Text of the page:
Quantum computing is an upcoming technology which is expected to have game-changing applications in all computationally-intensive branches of the natural sciences; material sciences, chemistry and physics. Resource-efficient algorithm design is an essential step towards making quantum computers viable for these applications. This is an advanced course for students with understanding of the basics of quantum computing (e.g. for students which have taken Quantum Algorithms at LIACS or Quantum Information at LION), that emphasises practical quantum computing for potential near-term applications. In this course, you will learn about modern quantum algorithmic techniques, and how they are applied in quantum chemistry, quantum many-body physics and machine learning. Furthermore, you will learn about the fundamentals of quantum error correction and error mitigation techniques required to make noisy quantum computers functional.
The Universe is both light and dark. In this course, we focus on the light and what its spectral content can teach us about the elemental and molecular composition of luminous objects (stars, clouds, lamps, etc.) in space and on Earth. In order to answer this question we have to go well beyond what was taught in the Quantum Mechanics courses about the energy-level structure of the Hydrogen atom and learn about multi-electron atoms and simple molecules. Experimental data will guide us in the development of the theoretical concepts and models. We will discuss the very important role of symmetries, in particular in molecules.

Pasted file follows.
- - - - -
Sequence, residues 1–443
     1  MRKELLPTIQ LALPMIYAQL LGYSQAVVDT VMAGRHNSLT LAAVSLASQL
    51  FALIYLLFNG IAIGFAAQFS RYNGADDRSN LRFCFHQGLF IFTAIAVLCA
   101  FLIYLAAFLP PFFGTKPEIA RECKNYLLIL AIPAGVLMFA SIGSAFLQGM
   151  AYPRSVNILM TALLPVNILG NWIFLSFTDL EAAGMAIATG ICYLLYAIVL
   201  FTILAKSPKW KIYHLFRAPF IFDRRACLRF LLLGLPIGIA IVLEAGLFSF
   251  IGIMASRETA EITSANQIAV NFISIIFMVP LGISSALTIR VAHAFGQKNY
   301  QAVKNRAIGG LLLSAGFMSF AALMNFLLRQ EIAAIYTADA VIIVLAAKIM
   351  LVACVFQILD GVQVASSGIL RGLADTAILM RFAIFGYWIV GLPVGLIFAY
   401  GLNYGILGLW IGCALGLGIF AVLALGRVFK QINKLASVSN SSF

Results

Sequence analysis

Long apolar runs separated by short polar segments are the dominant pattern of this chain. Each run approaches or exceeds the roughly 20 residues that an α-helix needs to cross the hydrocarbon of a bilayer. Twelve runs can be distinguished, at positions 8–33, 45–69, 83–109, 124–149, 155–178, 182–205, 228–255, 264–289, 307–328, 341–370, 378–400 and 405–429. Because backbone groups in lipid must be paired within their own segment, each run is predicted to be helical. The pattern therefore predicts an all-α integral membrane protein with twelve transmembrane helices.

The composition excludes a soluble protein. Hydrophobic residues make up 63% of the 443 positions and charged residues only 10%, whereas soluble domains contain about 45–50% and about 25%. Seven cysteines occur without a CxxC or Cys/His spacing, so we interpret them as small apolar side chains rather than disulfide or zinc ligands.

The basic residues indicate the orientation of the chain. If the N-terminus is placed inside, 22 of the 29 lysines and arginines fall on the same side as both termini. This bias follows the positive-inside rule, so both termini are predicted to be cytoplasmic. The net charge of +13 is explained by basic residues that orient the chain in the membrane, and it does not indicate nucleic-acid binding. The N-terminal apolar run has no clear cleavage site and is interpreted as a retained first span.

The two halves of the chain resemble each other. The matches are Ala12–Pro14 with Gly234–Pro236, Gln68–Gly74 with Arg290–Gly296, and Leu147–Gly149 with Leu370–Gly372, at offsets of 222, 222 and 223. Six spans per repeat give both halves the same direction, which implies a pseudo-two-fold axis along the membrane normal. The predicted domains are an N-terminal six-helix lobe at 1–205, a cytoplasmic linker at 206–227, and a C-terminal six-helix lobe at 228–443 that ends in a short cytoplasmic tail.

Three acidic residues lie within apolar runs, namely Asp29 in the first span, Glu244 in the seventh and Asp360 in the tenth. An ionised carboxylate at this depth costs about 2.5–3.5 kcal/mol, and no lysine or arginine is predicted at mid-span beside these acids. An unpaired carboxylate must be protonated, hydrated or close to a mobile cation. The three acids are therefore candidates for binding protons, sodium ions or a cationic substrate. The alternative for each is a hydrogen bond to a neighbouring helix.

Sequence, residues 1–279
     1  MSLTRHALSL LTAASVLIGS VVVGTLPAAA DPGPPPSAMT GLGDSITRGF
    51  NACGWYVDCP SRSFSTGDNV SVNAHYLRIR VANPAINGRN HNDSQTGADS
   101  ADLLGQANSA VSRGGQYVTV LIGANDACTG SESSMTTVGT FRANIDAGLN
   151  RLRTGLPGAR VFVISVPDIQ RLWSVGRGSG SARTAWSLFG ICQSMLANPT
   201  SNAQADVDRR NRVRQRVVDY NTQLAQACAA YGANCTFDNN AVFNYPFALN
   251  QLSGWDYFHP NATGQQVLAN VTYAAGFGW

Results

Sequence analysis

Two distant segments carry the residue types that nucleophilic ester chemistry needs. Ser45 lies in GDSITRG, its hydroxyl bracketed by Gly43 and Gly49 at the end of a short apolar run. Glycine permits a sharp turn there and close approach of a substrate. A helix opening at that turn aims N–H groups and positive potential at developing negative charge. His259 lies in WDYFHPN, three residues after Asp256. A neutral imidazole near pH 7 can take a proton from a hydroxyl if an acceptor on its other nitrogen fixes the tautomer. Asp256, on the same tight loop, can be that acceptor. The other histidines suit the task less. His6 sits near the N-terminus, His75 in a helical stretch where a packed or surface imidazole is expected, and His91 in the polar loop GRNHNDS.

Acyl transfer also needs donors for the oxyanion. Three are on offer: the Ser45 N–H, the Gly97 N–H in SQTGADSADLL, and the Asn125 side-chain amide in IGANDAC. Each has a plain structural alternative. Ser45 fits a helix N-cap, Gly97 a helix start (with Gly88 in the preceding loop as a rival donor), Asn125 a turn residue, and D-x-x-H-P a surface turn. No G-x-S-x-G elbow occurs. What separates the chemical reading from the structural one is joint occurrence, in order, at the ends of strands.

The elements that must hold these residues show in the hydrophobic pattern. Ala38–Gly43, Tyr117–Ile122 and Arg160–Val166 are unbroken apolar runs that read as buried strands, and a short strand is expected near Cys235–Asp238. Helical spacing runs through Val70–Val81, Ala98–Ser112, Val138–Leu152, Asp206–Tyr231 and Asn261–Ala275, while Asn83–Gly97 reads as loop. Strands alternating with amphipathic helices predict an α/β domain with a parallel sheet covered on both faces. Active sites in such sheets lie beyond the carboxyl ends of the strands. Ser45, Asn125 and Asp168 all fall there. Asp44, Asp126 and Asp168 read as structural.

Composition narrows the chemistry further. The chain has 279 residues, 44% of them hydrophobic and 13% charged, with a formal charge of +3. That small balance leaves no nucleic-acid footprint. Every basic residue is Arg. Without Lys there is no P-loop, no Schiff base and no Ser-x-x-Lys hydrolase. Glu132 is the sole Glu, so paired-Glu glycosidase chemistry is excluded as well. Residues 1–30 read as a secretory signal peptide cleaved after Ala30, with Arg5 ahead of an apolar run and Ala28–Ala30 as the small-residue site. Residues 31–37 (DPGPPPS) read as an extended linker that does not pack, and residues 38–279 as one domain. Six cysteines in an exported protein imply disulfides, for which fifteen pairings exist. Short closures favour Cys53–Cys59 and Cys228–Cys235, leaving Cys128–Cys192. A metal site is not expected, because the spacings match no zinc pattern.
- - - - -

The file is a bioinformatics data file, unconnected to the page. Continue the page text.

Overview of quantum algorithms. Classical/Quantum models of computation. Computability and complexity classes. Basic quantum algorithms (Deutsch-Jozsa, Simon's, Quantum Fourier Transform, Shor's; other algorithms, Grover's, sampling). Ground state preparation and combinatorial optimization. Hamiltonians and ground states. Basic algorithms for ground state preparation, Quantum Phase Estimation, Adiabatic Algorithm. Quantum Linear Algebra, Linear Combination of Unitaries Lemma. Approximate Ground State projectors.
Ground state preparation. Hamiltonians and ground states. Rudimentary algorithms for ground state preparation. Quantum Phase Estimation. Adiabatic Algorithms. LCU lemma. Approximate Ground State Projectors.
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